Author Interview--Christopher Klein (When the Irish Invaded Canada)

Niels Eichhorn's picture

Hello H-CivWar readers,

today we feature Christopher Klein to talk about his book When the Irish Invaded Canada, which came out in March 2019 with Doubleday. 

Chris Klein has a bachelor’s degree from Drew University and an accomplished journalists career, writing about history and travel. Besides When the Irish Invaded Canada, he has published Strong Boy: The Life and Times of John L. Sullivan, America’s First Sports Hero. He contributes to, The Boston Globe, The New York Times, National Geographic Traveler, Harvard Magazine,, and

To start, Chris, could you tell us how you became interested in the Fenian Invasions of Canada and what you are arguing in the book?

CK: While I was researching my previous book, Strong Boy: The Life and Times of John L. Sullivan, I came across a reference to one of the Gilded Age boxer’s ring opponents as a veteran of the recent attack on Canada. I did an immediate double-take because I, like most people, had never heard of this little-known coda to the Civil War. When I probed this passing mention, though, I discovered this outrageous tale of the self-proclaimed Irish Republican Army that undertook one of the most fantastical missions in military history—to hold Canada hostage and ransom it for Ireland’s independence. And this Irish-American militia attacked Canada not just once, but five times. 

The few books I could find on the Fenian Raids reflected the Canadian perspective, but as someone with Irish roots, I wanted to tell the story through the lens of these Irish-American revolutionaries who fled Ireland after the potato crop’s failure, endured the scorn of nativist Know-Nothings, and still thought of themselves as Irish first, American second even after fighting in the Civil War. 

In addition to having the opportunity to tell an incredible adventure story, I was drawn to the Fenian Raids as a subject because I thought it could add valuable historical context to the current immigration debate, in which some of the most prominent voices have Irish roots, by showing that the assimilation of Irish immigrants into American culture was much more violent and far less smooth than many Irish-Americans realize. In addition, I make the case that the Fenian Raids made the United States a key player in Anglo-Irish affairs, a role that continues to the present day in Northern Ireland, and that the Fenian Brotherhood, which undertook the attacks, established a transatlantic revolutionary framework that proved pivotal in providing the financial and military support that decades later led to Ireland’s eventual liberation from British rule.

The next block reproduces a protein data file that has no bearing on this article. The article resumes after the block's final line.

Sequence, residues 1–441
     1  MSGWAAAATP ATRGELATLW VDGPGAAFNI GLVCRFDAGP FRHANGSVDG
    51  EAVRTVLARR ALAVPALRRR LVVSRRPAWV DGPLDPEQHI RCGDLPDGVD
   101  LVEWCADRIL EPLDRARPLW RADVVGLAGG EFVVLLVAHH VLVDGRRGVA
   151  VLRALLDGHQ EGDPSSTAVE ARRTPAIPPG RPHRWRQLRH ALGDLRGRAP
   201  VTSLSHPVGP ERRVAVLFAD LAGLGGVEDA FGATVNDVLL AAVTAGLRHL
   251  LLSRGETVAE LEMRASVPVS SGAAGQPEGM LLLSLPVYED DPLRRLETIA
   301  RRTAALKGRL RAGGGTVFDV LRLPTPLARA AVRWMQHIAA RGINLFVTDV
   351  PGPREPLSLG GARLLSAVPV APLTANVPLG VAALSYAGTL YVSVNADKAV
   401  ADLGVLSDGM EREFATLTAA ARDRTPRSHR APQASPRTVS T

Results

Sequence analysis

Having my own book that deals in part with Irish Revolutionaries just come out, I could not agree more. You are personalizing the story with your focus on John O'Neill and James Stephen, why did you pick these two? But also, considering they were minor players in the '48 uprising, how does the '48 revolution shape them as the Fenian Movement/IRB evolves?

CK: John O'Neill is the central character of the book since he plays a role in nearly every one of the Fenian Raids and he leads the Irish-American army to its greatest moment, the victory over Canadian forces at the Battle of Ridgeway in 1866. It was a triumph that made O'Neill perhaps the most famous Irish-American of his day. O'Neill had a singular obsession with the idea of attacking Canada, which he would continue to undertake with decreasing success, and by the end of the book you can either see O'Neill as a figure from a Shakespearean tragedy or a comic opera. So O'Neill's story really is the story of the Fenian Raids, but he only joined the Fenian Brotherhood a few months before its 1866 invasion of Ontario. 

I thought it was important to give the reader a broader background to the Fenian Raids so that's why I start the book in Ireland with James Stephens and the Young Ireland uprising in 1848 in the midst of the Great Hunger. O'Neill's hatred of the British was inbred long before the Young Ireland revolt. O'Neill witnessed firsthand the horrors inflicted on Ireland after Britain's anemic response after the failure of the potato crop, and his grandfather had told him the tales of his ancestors, members of the O'Neill clan who achieved fame by daring to take up arms against the Crown. 

Stephens, however, was one of the leaders of the 1848 Young Ireland revolt, and I open the book with him for two reasons. One is because during the uprising, Stephens is involved in a shootout with local authorities and left for dead on the side of the road, which he uses to his advantage in an episode that will have you thinking about Tom Sawyer and Huckleberry Finn. The second is to make this connection between the Fenian Raids and the Young Ireland uprising. More than any Irishman, Stephens kept the revolutionary spirit alive in the wake of Young Ireland's failure and the devastation of the Great Hunger. The transatlantic revolutionary structure that he helps to establish with the Irish Republican Brotherhood in Ireland and the Fenian Brotherhood in the United States will prove vital, not just to the Fenian Raids, but to Ireland's eventual revolution decades later.